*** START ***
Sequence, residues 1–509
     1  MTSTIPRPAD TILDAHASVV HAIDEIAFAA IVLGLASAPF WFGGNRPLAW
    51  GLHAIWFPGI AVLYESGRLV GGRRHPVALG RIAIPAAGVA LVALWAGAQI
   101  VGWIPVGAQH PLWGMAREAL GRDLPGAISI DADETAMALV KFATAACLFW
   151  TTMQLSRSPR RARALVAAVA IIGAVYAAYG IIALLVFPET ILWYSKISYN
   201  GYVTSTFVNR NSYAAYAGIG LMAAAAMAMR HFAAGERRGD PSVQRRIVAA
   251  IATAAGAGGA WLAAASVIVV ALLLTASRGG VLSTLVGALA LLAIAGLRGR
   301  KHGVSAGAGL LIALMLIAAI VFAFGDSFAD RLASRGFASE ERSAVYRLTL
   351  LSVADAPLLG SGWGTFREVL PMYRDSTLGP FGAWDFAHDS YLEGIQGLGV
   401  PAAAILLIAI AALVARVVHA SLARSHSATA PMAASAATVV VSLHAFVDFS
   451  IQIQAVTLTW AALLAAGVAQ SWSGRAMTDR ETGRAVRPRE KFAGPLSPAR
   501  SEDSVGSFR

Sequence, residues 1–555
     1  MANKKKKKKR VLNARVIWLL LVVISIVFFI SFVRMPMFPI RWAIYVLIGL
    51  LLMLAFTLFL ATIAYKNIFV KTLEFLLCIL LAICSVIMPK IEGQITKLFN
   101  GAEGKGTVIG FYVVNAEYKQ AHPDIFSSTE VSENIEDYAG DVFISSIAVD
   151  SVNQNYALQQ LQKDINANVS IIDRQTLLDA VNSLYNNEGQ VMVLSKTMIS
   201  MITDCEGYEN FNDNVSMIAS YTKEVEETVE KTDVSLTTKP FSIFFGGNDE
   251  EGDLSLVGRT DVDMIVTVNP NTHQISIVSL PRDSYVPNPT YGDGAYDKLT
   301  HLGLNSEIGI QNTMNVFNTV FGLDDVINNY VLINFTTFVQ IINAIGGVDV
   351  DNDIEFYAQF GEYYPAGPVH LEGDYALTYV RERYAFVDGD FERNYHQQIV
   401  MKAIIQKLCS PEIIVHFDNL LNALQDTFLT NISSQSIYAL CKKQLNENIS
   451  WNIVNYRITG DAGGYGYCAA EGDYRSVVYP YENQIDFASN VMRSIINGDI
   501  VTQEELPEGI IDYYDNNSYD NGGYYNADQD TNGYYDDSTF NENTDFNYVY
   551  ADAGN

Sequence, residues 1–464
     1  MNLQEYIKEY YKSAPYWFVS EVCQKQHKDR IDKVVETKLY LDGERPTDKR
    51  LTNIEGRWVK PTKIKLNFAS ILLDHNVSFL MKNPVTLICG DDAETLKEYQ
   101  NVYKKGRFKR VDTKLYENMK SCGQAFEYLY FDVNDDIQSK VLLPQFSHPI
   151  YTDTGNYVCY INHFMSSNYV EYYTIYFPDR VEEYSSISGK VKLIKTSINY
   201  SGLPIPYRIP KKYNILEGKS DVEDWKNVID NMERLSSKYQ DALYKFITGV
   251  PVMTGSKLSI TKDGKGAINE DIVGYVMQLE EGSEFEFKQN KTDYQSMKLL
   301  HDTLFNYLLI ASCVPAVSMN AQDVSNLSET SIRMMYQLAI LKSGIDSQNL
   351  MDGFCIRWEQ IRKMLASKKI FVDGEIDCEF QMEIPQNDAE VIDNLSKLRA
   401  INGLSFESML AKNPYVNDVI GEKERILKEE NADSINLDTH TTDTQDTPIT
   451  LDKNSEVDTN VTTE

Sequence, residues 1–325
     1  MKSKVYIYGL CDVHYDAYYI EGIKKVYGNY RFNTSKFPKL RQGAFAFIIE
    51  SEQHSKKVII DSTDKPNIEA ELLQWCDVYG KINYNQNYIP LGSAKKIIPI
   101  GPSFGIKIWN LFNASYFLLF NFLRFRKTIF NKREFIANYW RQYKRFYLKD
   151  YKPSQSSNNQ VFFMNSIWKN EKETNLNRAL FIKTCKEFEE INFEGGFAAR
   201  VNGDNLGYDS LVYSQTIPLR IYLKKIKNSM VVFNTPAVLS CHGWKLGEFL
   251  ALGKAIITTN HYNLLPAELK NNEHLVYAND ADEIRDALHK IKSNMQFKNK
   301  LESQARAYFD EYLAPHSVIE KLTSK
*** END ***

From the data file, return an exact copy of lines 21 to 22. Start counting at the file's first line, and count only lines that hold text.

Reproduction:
   351  DNDIEFYAQF GEYYPAGPVH LEGDYALTYV RERYAFVDGD FERNYHQQIV
   401  MKAIIQKLCS PEIIVHFDNL LNALQDTFLT NISSQSIYAL CKKQLNENIS